Embarrassed, Oburu agreed to support Ochanda and took up the role of campaign coordinator in Nyanza, but in exchange, like in 2013, for a fresh parliamentary nomination, this time to the East African Legislative Assembly (Eala).
ODM qualified for just two of the nine seats, and Oburu, who believed he deserved one, went about his campaign in the most embarrassing style.
On the day of Uhuru’s inauguration on 28 November, as tensions were boiling over NASA’s plan to hold a parallel meeting at Jacaranda grounds, the Star’s front-page reported a meeting Oburu had held with Jubilee parliamentary leader Aden Duale.
Although Oburu told the paper that he met Duale in his own effort to lobby for ODM’s nomination to the Eala seat, that a senior member of the Odinga family was consorting with Jubilee for private benefit at that time disillusioned NASA supporters.
But just as Oburu was embarrassing NASA on the national stage, the Nyanza governors who were handed tickets by Raila in 2013 had performed dismally and voters were gearing up to replace them.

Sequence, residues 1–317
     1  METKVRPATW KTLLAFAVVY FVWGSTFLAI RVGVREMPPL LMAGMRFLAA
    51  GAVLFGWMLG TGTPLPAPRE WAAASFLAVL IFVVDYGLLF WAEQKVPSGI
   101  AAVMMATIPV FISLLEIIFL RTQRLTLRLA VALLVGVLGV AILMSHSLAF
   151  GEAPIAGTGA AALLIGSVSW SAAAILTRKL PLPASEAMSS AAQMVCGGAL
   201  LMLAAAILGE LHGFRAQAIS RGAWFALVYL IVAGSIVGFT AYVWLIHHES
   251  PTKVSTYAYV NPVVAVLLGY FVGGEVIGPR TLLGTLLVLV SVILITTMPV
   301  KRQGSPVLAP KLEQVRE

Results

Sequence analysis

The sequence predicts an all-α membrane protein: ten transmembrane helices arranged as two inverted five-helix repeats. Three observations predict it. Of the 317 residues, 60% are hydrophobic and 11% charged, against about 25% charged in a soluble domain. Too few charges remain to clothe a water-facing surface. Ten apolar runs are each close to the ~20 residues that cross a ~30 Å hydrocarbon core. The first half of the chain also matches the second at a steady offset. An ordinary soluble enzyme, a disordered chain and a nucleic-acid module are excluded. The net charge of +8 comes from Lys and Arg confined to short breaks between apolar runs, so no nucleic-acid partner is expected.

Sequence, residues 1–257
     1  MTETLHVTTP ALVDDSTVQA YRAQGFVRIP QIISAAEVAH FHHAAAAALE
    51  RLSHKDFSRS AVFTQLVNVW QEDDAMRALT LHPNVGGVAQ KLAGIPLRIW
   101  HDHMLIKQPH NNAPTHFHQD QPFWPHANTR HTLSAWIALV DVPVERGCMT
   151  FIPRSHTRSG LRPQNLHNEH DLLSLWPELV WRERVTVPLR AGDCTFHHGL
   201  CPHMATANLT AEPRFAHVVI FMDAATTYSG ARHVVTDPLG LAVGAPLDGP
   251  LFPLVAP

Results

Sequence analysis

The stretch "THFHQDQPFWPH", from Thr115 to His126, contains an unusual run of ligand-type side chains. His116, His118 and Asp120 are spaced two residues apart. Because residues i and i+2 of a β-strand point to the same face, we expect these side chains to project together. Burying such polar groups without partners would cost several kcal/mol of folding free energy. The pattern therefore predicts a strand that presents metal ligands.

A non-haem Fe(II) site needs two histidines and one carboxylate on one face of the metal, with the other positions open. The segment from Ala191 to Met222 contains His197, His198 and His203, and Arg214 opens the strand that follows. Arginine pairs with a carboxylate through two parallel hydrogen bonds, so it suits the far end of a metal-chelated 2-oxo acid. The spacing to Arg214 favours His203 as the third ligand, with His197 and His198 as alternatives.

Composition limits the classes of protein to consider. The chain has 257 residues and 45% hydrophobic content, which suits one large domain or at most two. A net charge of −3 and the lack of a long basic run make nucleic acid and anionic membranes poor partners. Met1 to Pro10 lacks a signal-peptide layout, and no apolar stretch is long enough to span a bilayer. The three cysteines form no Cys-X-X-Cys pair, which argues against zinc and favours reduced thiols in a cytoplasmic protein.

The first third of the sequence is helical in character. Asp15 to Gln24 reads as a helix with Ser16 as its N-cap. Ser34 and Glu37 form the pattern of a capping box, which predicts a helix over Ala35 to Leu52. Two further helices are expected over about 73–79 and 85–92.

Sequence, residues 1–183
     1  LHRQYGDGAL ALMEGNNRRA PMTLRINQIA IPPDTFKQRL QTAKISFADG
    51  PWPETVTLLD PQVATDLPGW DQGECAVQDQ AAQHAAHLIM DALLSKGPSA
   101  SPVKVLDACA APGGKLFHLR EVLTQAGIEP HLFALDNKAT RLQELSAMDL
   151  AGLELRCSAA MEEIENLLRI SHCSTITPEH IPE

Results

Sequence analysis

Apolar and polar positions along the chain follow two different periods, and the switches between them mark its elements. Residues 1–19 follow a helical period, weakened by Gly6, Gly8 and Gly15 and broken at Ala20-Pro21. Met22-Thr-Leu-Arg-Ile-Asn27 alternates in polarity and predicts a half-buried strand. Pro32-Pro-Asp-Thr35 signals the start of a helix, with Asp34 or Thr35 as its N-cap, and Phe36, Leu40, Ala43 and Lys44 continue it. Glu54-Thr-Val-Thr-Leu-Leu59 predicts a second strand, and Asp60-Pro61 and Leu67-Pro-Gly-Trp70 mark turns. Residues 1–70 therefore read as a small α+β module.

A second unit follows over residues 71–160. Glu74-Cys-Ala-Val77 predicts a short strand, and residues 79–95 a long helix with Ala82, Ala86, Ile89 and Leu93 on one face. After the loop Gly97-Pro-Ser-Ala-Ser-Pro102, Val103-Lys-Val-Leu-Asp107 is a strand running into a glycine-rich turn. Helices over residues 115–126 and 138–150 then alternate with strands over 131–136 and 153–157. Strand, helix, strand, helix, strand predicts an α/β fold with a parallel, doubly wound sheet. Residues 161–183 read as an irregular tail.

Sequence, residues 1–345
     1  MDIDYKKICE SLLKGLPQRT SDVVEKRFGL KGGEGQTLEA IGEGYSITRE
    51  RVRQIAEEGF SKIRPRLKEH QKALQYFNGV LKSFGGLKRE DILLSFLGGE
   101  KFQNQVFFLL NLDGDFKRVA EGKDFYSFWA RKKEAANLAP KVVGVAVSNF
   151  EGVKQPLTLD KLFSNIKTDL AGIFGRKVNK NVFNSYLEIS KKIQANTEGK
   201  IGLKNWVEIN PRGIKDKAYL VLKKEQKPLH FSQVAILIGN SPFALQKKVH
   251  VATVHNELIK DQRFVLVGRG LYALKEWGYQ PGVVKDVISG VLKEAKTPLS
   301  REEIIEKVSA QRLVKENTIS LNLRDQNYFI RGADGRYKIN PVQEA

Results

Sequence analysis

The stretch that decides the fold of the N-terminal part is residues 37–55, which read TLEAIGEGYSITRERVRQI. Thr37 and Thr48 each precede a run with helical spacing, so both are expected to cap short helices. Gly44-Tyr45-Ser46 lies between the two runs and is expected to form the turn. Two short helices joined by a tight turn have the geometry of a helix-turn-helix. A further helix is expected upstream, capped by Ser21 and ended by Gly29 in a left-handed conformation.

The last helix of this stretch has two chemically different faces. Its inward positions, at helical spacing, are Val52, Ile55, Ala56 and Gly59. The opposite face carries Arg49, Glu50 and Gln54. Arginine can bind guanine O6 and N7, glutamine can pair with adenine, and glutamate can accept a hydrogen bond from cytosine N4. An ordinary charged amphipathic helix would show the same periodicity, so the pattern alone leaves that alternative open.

During the campaign, I learnt from a member of Raila’s inner circle that, after the 2013 election, Raila set out to do a prognosis on ODM’s poor performance to establish weaknesses that needed addressing in readiness for the 2017 elections.
This is what responsible parties do the world over. Raila assigned that task to a new breed of young MPs led by Ken Obura (Kisumu Central) and Ababu Namwamba (Budalang’i). However, lacking political tack, the MPs after their discussion launched a campaign for party leadership, campaigning against the so-called old guard who had messed up the election.
A few days later, Homa Bay Senator Otieno Kajwang, told the former PM that the young Turks were promoting Jubilee’s notion that the election was not rigged and ODM old guards were responsible for Raila’s defeat. Kajwang told the party leader that if the MPs, who could not be trusted, tasted blood by removing Secretary General Anyang’ Nyong’o, who was their first target, the rest would follow in a process that would see Raila removed from his party leadership.
After that talk, Raila reportedly changed his mind about the party reorganization. Pro-Raila forces were left groping for a way out of a leadership change that Raila had endorsed, and the only recourse available was to use the infamous ‘Men in Black’ to scuttle the ODM elections at Kasarani in February 2014.
Copyright John Onyando in his newly released book,
Kenya: The Failed Quest for Electoral Justice.